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Sen. Schatz Urges FTC to Investigate Commercial Use of Short-Term Lodging Rental Services

U.S. Senator Brian Schatz (D-Hawai‘i), a member of the Senate Commerce Committee, today called on the Federal Trade Commission (FTC) to investigate the commercial use of the rapidly expanding short-term lodging rental market.
airbnb
The letter, which was also signed by U.S. Senators Dianne Feinstein (D-Calif.) and Elizabeth Warren (D-Mass.), urges the FTC to study the commercial manner in which individuals or firms are using online services such as Airbnb, HomeAway, VRBO, and FlipKey to profit from short-term rentals, taking housing inventory off the market and driving up the cost of rent.

“We are concerned that short-term rentals may be exacerbating housing shortages and driving up the cost of housing in our communities.  We have also read troubling reports of racial discrimination on some short-term rental platforms. Furthermore, we are concerned that communities and consumers may be put at risk through violations of sensible health, safety, and zoning regulations under state and local law,” the senators wrote.  “In order to assess of the use and impact of the short-term rental market, we need reliable data on the commercial use of online platforms.  We believe the FTC is best positioned to address this data gap in an unbiased manner and we urge the Commission to conduct a review of commercial operators on short-term rental platforms.”

The letter to FTC Chairwoman Edith Ramirez also raised concerns about recent data which revealed that commercial users in New York made up an outsized share of the revenue from short-term rentals and a vast majority of units violated state and local laws.  The subpoenaed data along with recent housing disputes with these companies in cities like Honolulu and San Francisco underscore the immediate need for further study of this issue.

The full text of the letter is below and is available for download in PDF format by clicking here.

Dear Chairwoman Ramirez,

We write today to urge the Federal Trade Commission to study and quantify the degree to which the rapidly expanding short-term lodging rental market consists of persons or firms acting in a commercial manner by renting out entire residences or multiple residences simultaneously.

This distinction is critical to Congress and state and local lawmakers as we seek to assess the wide-ranging impact of the short-term rental industry on the communities in which they operate.  In recent years, we have seen the emergence and rapid growth of companies like Airbnb, HomeAway, VRBO, and Flipkey.  On one hand, these firms have sparked innovation, increased competition, and have provided new means by which our constituents can earn extra income.  On the other hand, we are concerned that short-term rentals may be exacerbating housing shortages and driving up the cost of housing in our communities.  We have also read troubling reports of racial discrimination on some short-term rental platforms. Furthermore, we are concerned that communities and consumers may be put at risk through violations of sensible health, safety, and zoning regulations under state and local law.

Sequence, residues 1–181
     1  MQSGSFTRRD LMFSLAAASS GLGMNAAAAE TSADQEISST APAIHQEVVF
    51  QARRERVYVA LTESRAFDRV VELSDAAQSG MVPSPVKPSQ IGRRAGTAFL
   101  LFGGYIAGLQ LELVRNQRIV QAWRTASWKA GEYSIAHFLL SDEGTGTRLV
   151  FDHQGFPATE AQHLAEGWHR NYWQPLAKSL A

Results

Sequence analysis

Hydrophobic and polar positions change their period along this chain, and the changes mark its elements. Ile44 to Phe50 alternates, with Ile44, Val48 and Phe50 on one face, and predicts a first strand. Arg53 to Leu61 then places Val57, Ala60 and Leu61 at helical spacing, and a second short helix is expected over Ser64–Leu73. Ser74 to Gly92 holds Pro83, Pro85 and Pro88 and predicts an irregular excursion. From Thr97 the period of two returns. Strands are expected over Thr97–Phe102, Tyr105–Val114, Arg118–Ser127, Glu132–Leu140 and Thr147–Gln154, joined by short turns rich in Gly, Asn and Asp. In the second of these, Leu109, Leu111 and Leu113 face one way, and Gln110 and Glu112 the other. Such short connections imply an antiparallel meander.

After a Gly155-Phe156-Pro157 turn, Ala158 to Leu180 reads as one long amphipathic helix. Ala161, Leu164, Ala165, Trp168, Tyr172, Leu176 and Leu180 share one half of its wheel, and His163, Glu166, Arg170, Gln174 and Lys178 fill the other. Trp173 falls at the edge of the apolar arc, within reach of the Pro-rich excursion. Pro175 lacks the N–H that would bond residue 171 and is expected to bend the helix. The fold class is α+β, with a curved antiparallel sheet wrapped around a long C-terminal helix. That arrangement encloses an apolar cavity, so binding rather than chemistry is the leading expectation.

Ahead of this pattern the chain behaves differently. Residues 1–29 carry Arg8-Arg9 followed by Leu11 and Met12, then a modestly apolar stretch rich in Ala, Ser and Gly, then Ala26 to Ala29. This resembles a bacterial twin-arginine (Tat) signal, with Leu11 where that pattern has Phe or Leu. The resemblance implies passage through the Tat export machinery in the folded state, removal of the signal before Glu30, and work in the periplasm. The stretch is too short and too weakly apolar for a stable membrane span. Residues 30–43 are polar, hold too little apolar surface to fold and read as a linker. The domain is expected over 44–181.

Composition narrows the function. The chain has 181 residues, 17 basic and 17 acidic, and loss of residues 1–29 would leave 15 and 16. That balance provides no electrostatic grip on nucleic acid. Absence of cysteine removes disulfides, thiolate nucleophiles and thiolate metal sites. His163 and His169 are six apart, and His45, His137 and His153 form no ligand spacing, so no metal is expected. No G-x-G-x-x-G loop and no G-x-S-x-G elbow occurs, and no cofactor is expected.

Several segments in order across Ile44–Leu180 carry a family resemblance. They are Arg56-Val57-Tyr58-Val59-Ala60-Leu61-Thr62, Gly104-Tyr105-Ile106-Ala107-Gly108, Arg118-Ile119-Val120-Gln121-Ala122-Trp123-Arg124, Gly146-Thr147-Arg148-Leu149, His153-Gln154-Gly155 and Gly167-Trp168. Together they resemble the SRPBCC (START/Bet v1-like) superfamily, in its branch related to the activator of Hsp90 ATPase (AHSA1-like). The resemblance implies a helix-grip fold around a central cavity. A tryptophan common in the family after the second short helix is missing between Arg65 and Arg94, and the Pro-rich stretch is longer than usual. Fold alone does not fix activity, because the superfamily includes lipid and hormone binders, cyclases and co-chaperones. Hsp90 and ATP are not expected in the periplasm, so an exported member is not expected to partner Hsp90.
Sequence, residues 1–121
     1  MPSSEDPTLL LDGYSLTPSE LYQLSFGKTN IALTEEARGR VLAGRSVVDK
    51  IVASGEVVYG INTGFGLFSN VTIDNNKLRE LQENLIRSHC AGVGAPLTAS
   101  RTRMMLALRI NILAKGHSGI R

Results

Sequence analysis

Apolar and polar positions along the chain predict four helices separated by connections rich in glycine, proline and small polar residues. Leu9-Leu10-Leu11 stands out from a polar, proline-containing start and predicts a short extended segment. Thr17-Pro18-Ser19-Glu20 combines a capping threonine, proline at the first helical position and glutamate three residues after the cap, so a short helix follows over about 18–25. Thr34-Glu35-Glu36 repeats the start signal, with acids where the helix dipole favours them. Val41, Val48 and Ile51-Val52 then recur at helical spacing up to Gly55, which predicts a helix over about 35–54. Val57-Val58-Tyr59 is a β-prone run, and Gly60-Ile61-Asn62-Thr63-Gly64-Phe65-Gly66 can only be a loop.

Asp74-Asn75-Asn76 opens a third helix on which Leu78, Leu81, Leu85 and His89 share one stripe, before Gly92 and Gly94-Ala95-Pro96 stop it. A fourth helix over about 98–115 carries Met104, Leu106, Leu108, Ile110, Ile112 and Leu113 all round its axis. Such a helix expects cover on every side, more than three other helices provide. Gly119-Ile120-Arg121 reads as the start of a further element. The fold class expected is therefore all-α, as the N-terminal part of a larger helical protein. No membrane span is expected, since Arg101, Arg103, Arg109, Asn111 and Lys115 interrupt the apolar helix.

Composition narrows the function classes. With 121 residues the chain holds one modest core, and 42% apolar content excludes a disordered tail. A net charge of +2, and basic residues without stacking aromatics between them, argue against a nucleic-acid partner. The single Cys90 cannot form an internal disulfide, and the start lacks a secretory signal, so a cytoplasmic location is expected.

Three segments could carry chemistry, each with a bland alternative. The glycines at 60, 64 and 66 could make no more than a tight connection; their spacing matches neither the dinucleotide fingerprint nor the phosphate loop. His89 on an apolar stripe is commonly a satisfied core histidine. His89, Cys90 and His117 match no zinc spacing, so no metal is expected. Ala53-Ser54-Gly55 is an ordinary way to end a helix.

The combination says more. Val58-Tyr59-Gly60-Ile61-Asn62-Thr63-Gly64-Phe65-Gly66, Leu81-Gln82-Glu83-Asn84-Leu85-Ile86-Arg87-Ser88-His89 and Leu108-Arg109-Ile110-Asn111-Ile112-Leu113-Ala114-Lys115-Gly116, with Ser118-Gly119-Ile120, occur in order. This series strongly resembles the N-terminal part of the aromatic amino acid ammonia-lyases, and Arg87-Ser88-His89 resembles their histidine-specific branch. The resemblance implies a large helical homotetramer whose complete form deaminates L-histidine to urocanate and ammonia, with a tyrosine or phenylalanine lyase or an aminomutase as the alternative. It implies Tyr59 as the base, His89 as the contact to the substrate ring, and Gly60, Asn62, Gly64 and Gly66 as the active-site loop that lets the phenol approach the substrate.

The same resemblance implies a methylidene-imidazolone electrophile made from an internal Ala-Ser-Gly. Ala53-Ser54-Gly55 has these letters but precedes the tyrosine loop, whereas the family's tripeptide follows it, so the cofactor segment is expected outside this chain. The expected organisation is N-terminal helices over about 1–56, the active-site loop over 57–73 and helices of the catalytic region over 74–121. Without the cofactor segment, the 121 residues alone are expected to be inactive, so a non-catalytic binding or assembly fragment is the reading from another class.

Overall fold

For example, in a report based on data gathered from Airbnb pursuant to a subpoena, the New York Attorney General found that commercial users (those with 3 or more unique units) accounted for a disproportionate share of the revenue generated from short-term rentals.  The commercial users accounted for only 6% of the hosts in New York City, yet generated 37% of the revenue.  Furthermore, the report indicated that 72% of unique units rented in New York City appeared to violate state and local law.

At the FTC’s June 9, 2015, workshop entitled “The ‘Sharing’ Economy:  Issues Facing Platforms, Participants and Regulators” there was widespread agreement that more information and data was needed to properly assess the impacts of the short-term rental industry on communities.  Unfortunately, the platform companies, which are the best positioned to provide this type of information, seem reluctant to do so.  And even if platform companies do share their data, concerns have been raised about the reliability of this data.

We are also troubled by efforts of platform companies to negotiate agreements with state and local governments to collect and provide aggregate tax payments on rentals processed through their systems without providing more detailed information that would help officials to determine the legality of those rentals.  In other cases, online platforms appear to be complying with state and local tax laws inconsistently, collecting taxes in some jurisdictions and not others.

In order to assess of the use and impact of the short-term rental market, we need reliable data on the commercial use of online platforms.  We believe the FTC is best positioned to address this data gap in an unbiased manner and we urge the Commission to conduct a review of commercial operators on short-term rental platforms.  We hope the FTC would be able to release the results of such an investigation on a standalone basis or as part of any report issued on the “sharing economy.”

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